TarkXT wrote:
Ssalarn wrote:


Or you get the flipside of the equation, where you have pit fiends with max ranks in Appraise and Disguise because they have so many skill points they just started getting shoved wherever. "Pit fiends you say? No pit fiends around here. I'm just Jamaal, your friendly 12 foot tall merchant with an aura of unspeakable fear."
Sir Brian Consumptington is my favorite thing to come out of /tg/.

Hah! Magical.


WoTC made loads of marketing blunders. I actually want to do an article on it about how poor business decisions can murder your game.

Among the biggest blunders was killing PDF sales altogether in an effort to stop piracy.

God only knows how much money was lost out of that since it meant you could only get print copies out of blessedly few stores.

The best part was the moment they did that a bunch of other companies went out and ran big sales on their games.

Got a free copy of 2nd ed. Exalted out of that...


Ssalarn wrote:
Adam B. 135 wrote:
Malwing wrote:


But I do feel strongly that INT shouldn't govern skills per level as it generates an uneven situation.

Int to skills also leads to funky situations such as a lot of animals only being good at one thing. This is sometimes mitigated in bestiary monsters by giving the animal a massive racial bonus, which honestly feels like lazy game design.

Also a lot of animal companions do not get massive racial bonuses. You are given the choice of having your animal companion being mediocre at a few skills your animal companion should have, or having it hyper specialize in one skill. Either way, your animal companion comes out less than natural.

In fact, most creatures with abysmal intelligence come out seeming completely unnatural.

Or you get the flipside of the equation, where you have pit fiends with max ranks in Appraise and Disguise because they have so many skill points they just started getting shoved wherever. "Pit fiends you say? No pit fiends around here. I'm just Jamaal, your friendly 12 foot tall merchant with an aura of unspeakable fear."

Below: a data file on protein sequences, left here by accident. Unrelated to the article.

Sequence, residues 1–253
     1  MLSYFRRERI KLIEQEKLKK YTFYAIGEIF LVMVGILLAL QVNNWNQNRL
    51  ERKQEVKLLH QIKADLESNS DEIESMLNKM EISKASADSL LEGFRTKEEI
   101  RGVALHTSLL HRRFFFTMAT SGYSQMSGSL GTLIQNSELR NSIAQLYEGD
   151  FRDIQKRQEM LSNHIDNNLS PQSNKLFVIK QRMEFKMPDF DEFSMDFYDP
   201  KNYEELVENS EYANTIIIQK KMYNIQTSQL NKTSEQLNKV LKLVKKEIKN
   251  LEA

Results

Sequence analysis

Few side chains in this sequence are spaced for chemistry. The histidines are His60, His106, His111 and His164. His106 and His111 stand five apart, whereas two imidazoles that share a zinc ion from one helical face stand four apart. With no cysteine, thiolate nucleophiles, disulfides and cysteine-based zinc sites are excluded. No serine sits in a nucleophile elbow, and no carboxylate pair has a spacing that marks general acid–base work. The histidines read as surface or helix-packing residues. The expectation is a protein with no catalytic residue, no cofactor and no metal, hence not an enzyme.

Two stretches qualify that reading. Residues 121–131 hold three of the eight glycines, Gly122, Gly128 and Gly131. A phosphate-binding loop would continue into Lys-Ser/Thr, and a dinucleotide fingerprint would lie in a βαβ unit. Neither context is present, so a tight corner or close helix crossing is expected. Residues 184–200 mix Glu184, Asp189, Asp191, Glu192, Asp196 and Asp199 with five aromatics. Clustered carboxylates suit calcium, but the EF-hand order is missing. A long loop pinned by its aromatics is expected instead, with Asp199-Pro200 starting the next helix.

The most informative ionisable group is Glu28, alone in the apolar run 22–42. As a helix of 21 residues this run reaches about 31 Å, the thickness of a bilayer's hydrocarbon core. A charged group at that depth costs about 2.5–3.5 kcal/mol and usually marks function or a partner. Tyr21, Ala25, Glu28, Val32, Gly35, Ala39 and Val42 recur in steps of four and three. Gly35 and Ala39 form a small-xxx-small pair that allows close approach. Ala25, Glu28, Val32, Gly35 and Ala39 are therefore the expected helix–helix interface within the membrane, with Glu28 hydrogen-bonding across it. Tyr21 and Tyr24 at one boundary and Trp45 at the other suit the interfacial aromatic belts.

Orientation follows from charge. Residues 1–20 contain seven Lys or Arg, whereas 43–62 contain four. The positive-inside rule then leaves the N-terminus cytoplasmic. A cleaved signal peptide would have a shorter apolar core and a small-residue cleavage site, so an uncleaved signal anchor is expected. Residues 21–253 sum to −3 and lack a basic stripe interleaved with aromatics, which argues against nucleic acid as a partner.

It's not really on the martial/caster issue, but I do find it a little unnecessary that monsters have the same design rules as characters. I like the idea of basic monstrous templates based on the monster's expected role so you don't have this huge, page space consuming clutter of ranks in skills that will never matter since the monster is an extension of the GM anyways. Are you going to send your party out to seek the Solar oracle and then actually have the angel roll a Knowledge check after the party gets there to see if he know what he went to learn, or are you just going to assume that the angel the party assumedly went to great lengths to meet has the information you intended them to learn?

I love the crunchiness of Pathfinder, but there are a few areas where things are the way they are for reasons that aren't really that important, or in some instances, for reasons that aren't even all that...

Oh, that totally pushed me to eliminate INT to skills with the consolidated skill list too. Too much exception patches to where it doesn't make sense.

Playing 5th edition also helped. INT doesn't govern how many skills you're proficient in but it still winds up being important due to skills actually being useful compared to spells and INT having a lot of skills attached to it. That and the party wizard still being able to function with proficiency in only 2 skills from it's class.